Across Asia, Barack Obama’s election as president was welcomed, be it in Japan, Indonesia, Malaysia or Nepal. Top leaders and citizens alike hailed Obama as a ray of hope for the financial crisis and global terrorism.
U.S. residents in Japan and locals celebrate Obama's victory in Obama town in Japan
Jubilant celebrations all over Asia marked the victory of United States President-elect Barack Obama.
For most countries in Asia, Obama’s election could mean a turning point in the global war on terror. This is especially the case in war-weary regions like Afghanistan, where thousands of civilians have died in the US war against Taliban insurgents.
Change needed in War on Terror
Dr. Omar Sharifi from the American Institute of Afghan Studies in Kabul says that most Afghans are frustrated with the silence and marginalisation of the Afghan crisis. ‘’I think the Afghan crisis was the centre of the whole problem in the period of 9/11, but it was overshadowed by the problems of Iraq,’’ he says.
Afghanistan Prime Minister Hamid Karzai, in his statement welcoming Obama, urged the President-elect to bring an end to civilian casualties in Afghanistan. Omar Sharifi stresses on the need for a change in strategy on the war in Afghanistan.
For this the most important first step is to target the command and control centres of the terrorists based beyond Afghanistan borders and to put pressure on those countries, which support the terrorists and provide them with sanctuaries, says Sharifi.
ASEAN expresses hope
New hopes for the war on terror are also being expressed by the Association of South East Asian Nations (ASEAN). Many ASEAN member nations are predominantly Muslim countries, like Brunei, Malaysia and Indonesia, whereas others like Thailand and the Philippines face Muslim separatist conflicts from within.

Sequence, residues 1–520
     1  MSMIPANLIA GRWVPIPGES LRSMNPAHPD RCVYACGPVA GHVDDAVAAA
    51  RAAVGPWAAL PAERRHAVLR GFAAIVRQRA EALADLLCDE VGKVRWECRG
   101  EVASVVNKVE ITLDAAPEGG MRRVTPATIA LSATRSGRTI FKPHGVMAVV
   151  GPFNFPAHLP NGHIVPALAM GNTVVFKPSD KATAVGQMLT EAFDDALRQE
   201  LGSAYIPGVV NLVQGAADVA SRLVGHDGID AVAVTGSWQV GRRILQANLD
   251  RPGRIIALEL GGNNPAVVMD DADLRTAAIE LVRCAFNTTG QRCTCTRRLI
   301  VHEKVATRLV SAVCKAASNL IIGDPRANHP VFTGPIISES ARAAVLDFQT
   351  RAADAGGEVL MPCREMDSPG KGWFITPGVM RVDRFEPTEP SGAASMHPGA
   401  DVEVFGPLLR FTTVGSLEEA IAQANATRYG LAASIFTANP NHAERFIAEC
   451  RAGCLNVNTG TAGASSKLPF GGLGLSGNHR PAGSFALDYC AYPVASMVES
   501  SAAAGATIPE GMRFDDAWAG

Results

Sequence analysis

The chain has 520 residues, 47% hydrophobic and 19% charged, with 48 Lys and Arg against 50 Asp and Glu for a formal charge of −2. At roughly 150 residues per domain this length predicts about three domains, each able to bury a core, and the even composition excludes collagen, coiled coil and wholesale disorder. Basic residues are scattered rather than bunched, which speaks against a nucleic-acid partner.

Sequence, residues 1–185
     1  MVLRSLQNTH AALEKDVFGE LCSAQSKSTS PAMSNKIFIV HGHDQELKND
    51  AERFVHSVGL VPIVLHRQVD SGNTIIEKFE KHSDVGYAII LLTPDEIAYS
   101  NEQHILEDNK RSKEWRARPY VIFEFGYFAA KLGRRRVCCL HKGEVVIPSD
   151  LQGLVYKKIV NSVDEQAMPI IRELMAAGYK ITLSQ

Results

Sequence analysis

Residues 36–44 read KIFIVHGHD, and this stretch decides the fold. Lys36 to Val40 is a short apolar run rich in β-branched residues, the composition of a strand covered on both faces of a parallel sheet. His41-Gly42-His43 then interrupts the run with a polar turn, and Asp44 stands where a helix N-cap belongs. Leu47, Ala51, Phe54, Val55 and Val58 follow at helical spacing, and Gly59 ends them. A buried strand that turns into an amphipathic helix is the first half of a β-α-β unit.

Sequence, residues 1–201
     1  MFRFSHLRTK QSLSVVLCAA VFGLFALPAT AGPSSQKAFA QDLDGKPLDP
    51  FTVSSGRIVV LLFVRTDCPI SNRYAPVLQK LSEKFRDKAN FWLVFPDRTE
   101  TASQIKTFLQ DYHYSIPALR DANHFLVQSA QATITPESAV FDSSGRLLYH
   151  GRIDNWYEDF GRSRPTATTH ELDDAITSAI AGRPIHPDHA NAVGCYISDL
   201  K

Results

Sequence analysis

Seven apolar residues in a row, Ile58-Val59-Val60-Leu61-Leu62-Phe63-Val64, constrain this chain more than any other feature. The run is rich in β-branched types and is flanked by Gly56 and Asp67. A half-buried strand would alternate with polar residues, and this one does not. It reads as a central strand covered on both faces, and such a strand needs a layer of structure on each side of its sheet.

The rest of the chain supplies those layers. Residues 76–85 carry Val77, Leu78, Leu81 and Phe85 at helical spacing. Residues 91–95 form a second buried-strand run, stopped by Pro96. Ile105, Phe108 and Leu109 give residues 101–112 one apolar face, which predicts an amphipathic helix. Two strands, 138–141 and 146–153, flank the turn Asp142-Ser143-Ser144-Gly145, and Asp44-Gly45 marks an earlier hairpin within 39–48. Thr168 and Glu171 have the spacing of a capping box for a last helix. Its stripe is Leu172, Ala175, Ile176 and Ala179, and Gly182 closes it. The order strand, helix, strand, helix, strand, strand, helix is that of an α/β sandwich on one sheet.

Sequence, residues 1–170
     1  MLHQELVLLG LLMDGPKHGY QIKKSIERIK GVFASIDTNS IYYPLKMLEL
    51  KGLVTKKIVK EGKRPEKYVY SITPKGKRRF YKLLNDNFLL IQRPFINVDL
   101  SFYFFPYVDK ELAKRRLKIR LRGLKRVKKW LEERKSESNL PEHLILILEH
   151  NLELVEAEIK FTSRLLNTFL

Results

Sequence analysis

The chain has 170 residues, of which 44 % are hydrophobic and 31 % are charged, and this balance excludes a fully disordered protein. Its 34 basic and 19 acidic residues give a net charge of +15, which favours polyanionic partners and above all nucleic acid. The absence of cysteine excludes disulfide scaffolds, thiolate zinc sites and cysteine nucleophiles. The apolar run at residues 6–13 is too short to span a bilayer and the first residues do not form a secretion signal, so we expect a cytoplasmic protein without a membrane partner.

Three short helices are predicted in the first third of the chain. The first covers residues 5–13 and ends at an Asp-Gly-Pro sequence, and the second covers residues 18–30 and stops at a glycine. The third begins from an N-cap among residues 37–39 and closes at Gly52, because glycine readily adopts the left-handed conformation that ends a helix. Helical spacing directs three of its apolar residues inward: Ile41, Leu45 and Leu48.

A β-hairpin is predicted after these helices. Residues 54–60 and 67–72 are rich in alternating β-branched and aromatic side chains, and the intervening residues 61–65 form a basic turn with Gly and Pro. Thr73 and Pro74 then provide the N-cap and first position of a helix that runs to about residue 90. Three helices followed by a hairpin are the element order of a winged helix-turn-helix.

ASEAN general secretary Surin Pitsuwan hailed Obama’s victory. He said he was confident that Obama would favour a multilateral approach to foreign affairs as opposed to the ‘lone cowboy’ policy of George Bush. Surin also hoped for greater US sympathy towards problems of the third world.
In Indonesia, where Obama went to school in the 1960s, the celebrations were more personal. ‘’We played marbles together; we used to roll around in the swamp at Tebet Mas, where we lived. Once we even threw Obama into the swamp. When we saw him on television, we didn’t know who this ‘Barrack’ was. We knew him only as ‘Berry’ and he has changed. Earlier he was a bit plump and had an Afro hairstyle. Today he looks a bit scrawny,’’ recalls Kalamudin, one of Obama’s former classmates.
Residents in the small Japanese fishing town coincidentally named Obama also rejoiced the victory of its namesake. Celebrations in the town went into the wee hours of Wednesday with Hula dancing and rock ‘n’ roll music.
There are also a few dissenting voices. Among those expressing condolences for the Republican John McCain’s loss was his former prison warden Tran Tron Duyet. Duyet served at the Hanoi Hilton prison, where McCain was held during the Vietnam War. Duyet said that he ‘’shared in McCain’s loss’’, and that he hoped he would continue his efforts to boost US-Vietnam relations.